12. Kananen, J., Bergenheim, S., & Wessel, M. (2018). Conceptualising public health: Historical and contemporary struggles over key concepts. Oxon/New York: Routledge.CrossRefGoogle Scholar
  13. Kickbusch, I. (2007). Health governance: The health society. In D. V. McQueen, I. Kickbusch, & L. Potvin (Eds.), Health and modernity: The role of theory in health promotion (pp. 144–161). Berlin: Springer.CrossRefGoogle Scholar
  14. Korpi, W. (2001). Contentious institutions: An augmented rational-action analysis of the origins and path dependency of welfare state institutions in western countries. Rationality and Society, 13(2), 235–283.CrossRefGoogle Scholar
  15. Lowi, T. J. (1972). Four systems of policy, politics, and choice. Public Administration Review, 32(4), 298–310.CrossRefGoogle Scholar
  16. McQueen, D., Wismar, M., Lin, V., Jones, C. M., & Davies, M. (2012). Intersectoral governance for health in all policies: Structures, actions and experiences (Observatory Studies Series 26). Copenhagen: WHO Regional Office for Europe.Google Scholar
  17. Milio, N. (1981). Promoting health through public policy. Philadelphia: F. A. Davis Company.Google Scholar
  18. Nakhimovsky, S. S., Feigl, A. B., Avila, C., O’Sullivan, G., Macgregor-Skinner, E., & Spranca, M. (2016). Taxes on sugar-sweetened beverages to reduce overweight and obesity in middle-income countries: A systematic review. PLoS One, 11(9), e0163358.CrossRefGoogle Scholar
  19. OECD. (2014). Social expenditure update – Social spending is falling in some countries, but in many others it remains at historically high levels. Retrieved June 14, 2018, from
  20. Rootman, I., Pedersen, A., Frohlich, K., & Dupéré, S. (2017). Health promotion in Canada. In New perspectives on theory, practice, policy, and research (4th ed.). Toronto/Vancouver: Canadian Scholars.Google Scholar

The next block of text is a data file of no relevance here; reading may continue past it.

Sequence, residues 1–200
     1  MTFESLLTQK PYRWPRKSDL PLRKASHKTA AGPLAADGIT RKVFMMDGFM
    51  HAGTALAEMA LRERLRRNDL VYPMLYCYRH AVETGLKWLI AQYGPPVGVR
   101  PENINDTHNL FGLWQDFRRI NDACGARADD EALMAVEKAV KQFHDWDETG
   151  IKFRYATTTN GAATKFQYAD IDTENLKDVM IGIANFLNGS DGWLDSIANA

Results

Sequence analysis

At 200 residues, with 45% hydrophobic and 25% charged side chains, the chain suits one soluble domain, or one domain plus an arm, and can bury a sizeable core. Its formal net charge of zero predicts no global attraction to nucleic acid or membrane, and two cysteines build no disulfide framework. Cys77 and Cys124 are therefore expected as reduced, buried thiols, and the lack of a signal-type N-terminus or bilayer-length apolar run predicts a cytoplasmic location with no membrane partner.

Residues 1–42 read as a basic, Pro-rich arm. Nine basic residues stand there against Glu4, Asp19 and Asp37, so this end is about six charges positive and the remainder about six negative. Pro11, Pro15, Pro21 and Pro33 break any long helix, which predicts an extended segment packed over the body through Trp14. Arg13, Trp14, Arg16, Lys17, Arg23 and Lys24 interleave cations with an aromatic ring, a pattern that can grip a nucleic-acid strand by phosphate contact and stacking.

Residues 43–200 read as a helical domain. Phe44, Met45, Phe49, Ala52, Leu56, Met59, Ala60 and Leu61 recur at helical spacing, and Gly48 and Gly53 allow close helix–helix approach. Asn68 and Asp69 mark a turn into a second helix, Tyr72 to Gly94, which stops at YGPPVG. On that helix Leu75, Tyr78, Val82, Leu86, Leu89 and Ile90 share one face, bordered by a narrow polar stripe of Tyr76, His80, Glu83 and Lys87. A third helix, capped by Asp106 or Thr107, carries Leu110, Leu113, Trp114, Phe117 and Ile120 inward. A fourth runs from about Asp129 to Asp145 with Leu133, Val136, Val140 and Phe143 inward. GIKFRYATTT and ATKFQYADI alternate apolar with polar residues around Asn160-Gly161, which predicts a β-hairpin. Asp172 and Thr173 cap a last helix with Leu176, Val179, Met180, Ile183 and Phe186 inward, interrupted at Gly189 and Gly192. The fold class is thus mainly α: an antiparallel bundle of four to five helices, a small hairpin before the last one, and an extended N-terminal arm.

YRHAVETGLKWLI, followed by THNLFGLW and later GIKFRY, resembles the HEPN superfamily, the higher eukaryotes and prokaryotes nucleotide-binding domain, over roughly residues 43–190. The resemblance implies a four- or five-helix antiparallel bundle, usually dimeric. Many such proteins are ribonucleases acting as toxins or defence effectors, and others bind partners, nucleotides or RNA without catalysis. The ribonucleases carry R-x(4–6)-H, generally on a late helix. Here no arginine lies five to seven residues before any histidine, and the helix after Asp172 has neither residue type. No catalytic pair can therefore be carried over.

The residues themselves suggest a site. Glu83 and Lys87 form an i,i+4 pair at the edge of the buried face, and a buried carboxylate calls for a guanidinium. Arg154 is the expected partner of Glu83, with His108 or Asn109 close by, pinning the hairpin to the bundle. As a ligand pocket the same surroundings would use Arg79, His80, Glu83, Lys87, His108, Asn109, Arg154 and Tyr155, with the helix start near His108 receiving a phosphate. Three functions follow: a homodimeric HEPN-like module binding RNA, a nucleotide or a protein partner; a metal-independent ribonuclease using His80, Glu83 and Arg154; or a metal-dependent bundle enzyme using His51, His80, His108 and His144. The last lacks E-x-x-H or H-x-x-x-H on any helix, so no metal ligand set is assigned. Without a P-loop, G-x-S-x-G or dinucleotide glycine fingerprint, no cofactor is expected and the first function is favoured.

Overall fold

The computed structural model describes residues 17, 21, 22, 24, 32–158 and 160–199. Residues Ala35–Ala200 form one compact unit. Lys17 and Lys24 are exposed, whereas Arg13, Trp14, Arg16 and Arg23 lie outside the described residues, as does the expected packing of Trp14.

21. Ruger, J. P. (2004). Health and social justice. Lancet, 364(9439), 1075.CrossRefGoogle Scholar
  22. Thaler, R. H., & Sunstein, C. R. (2009). Nudge. Improving decisions about health, wealth, and happiness. New York: Penguin.Google Scholar
  23. United Nations (UN). (2018). Scope, modalities, format and organization of the third high-level meeting of the General Assembly on the prevention and control of non-communicable diseases. Resolution adopted by the General Assembly on 12 April 2018. Retrieved June 14, 2018, from
  24. Vedung, E. (2003). Policy instruments: Typologies and theories. In M.-L. Bemelmans-Videc, R. C. Rist, & E. Vedung (Eds.), Carrots, sticks & sermons. Policy instruments and their evaluation (pp. 21–58). New Brunswick: Transaction Publishers.Google Scholar
  25. Wood, G., & Gough, I. (2006). A comparative welfare regime approach to global social policy. World Development, 34(10), 1696–1712.CrossRefGoogle Scholar
  26. World Health Organization (WHO). (2018). Time to deliver: Report of the WHO Independent high-level commission on noncommunicable diseases. Geneva: World Health Organization Licence: CC BY-NC-SA 3.0 IGO.Google Scholar

Copyright information

© The Author(s) 2019

Authors and Affiliations

  1. 1.FernUniversität in HagenHagenGermany

Personalised recommendations